Online dispute resolution is the latest high-tech tool to help resolve disputes between hostile tenants, their neighbours and landlords.
Groundbreaking new computer software developed by Victoria University (VU) will soon be used to tackle the rising number of serious neighbourhood disputes in major cities.
Australian Bureau of Statistics figures show the number of people living in high-rise apartments has grown rapidly in the past 30 years, with condominiums now making up about a third of all dwellings in Melbourne.
An increase in the number of disputes arising from noise complaints, maintenance and rent payment is placing extra pressure on police, local government and the Victorian Civil and Administrative Tribunal (VCAT).
Developer of the new software, VU Professor John Zeleznikow, said research showed neighbourhood arguments were one of the most pervasive forms of dispute, damaging individuals and the local community.
Professor Zeleznikow said his computer program would help resolve disputes via the Internet, easing neighbourhood tensions by allowing each party to come to agreement in the comfort of their own home.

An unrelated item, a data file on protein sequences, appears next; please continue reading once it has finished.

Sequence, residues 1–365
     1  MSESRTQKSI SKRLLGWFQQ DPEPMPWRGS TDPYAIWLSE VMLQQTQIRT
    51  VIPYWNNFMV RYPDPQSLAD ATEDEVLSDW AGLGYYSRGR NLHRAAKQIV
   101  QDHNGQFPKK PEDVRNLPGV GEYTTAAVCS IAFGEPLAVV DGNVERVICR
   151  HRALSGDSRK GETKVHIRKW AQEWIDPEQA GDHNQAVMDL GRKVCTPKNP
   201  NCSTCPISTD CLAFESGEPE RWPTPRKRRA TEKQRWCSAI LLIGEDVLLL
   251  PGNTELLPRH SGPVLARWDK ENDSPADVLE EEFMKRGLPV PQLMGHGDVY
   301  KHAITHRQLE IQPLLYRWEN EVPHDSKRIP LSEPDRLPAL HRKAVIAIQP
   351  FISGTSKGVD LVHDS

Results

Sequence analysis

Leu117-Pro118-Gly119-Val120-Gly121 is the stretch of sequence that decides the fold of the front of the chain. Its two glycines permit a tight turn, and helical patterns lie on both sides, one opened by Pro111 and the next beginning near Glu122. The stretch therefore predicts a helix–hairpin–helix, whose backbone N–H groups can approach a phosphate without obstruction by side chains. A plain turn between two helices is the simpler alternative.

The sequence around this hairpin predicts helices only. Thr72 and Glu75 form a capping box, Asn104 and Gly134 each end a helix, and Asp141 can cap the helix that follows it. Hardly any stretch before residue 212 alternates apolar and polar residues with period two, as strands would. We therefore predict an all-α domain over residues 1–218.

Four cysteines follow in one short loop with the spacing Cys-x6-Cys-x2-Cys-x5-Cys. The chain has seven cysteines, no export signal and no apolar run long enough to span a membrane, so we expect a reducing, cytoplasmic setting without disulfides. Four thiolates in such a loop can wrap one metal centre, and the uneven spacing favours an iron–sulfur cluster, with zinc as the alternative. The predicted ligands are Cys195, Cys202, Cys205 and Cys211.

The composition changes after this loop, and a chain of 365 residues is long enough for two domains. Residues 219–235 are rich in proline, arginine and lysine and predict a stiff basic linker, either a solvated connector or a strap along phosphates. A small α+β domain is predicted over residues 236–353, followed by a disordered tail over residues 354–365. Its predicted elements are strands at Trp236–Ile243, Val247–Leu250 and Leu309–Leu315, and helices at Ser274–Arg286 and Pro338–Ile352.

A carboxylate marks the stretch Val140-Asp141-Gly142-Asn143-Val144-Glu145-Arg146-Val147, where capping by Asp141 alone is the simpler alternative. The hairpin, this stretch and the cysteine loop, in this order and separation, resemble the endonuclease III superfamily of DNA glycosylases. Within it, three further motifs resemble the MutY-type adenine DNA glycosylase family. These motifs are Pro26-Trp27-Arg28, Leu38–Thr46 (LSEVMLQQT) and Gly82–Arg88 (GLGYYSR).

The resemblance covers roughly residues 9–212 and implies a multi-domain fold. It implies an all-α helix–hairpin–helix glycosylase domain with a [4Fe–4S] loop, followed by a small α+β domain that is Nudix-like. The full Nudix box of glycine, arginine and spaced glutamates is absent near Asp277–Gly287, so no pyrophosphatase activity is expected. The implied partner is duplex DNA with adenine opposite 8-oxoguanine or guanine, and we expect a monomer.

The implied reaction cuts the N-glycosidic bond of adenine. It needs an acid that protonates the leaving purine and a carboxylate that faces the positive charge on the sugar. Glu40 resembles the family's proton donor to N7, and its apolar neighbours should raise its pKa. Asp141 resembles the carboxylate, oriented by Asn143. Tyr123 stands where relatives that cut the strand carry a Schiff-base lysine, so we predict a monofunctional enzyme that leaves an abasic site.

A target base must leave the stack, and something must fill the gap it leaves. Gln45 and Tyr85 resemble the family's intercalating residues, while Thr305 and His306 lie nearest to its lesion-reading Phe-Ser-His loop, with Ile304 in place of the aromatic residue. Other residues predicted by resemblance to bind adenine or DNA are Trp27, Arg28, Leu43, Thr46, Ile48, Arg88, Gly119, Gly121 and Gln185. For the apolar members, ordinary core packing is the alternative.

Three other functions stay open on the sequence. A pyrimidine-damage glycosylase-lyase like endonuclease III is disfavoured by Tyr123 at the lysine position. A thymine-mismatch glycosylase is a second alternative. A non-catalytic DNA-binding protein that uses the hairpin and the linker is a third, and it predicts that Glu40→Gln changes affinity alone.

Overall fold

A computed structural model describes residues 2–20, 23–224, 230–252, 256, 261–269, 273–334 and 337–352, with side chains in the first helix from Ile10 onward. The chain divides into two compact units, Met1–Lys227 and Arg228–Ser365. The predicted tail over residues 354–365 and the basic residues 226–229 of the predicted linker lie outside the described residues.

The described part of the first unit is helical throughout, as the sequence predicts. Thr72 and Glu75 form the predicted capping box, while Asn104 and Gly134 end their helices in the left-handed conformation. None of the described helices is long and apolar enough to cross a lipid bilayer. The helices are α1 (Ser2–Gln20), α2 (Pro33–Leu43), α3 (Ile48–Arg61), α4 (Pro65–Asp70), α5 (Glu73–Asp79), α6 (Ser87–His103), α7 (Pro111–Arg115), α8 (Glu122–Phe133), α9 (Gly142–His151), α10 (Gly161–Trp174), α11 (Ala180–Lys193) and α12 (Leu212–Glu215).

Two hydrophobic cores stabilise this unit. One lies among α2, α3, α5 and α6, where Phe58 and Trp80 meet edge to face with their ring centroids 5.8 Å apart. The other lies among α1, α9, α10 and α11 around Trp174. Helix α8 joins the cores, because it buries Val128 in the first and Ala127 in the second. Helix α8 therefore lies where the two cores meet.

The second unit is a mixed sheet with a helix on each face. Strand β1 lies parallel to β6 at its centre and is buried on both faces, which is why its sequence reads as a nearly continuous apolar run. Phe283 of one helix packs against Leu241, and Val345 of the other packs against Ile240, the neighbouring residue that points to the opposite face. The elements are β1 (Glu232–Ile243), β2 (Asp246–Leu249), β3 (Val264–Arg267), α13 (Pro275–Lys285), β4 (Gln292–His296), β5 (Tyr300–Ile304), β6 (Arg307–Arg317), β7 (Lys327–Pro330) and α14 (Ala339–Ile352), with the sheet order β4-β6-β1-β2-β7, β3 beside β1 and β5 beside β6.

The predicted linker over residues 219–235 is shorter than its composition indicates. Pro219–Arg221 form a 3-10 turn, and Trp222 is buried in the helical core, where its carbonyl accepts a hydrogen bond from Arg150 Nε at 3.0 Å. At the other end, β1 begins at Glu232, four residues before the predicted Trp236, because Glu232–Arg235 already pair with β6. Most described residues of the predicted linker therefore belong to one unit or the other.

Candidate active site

"It is often not possible for people to move away from each other after a major neighbourhood dispute, especially if you're living in close proximity within an apartment building,'' Professor Zeleznikow said.
"This new software is about using information technology to help people live better together. The way you resolve the dispute is often more important than the actual resolution.''
Professor Zeleznikow said the software, based on game theory techniques developed by Nobel Laureate John Nash, asks each complainant to prioritise their demands, assigning each a numeric value so that the sum is 100.
"Through a series of trade-offs and compensation strategies, disputants can often achieve 70-80 per cent of what they require, rather than the traditional 50-50 approach to resolving disputes. And all this can happen without the need to meet face-to-face.''
Professor Zeleznikow, whose book Enhanced Dispute Resolution Through the Use of Information Technology was recently published by Cambridge University Press, said research indicates that neighbourhood disputes are not always well managed by third party interveners such as police or local government.
"Current legal remedies are widely seen as inadequate because of their expense, delay and inflexibility when needing to be tailored to a particular dispute,'' he said. "No one is arguing that using this technology will be the norm and that we will now never see our neighbours. We are saying that in a certain percentage of cases it could be useful, particularly in difficult cases.''
Professor Zeleznikow's software is also being developed for use by Relationships Australia to help soothe the stress of divorce settlements.
For interview: Professor John Zeleznikow, Victoria University, 9505 3323 or 0432 154 217
Daniel Clarke, Media Officer
Marketing and Communications Department, Victoria University
Ph: 9919 9491 or 0407 771 072. Email: email@example.com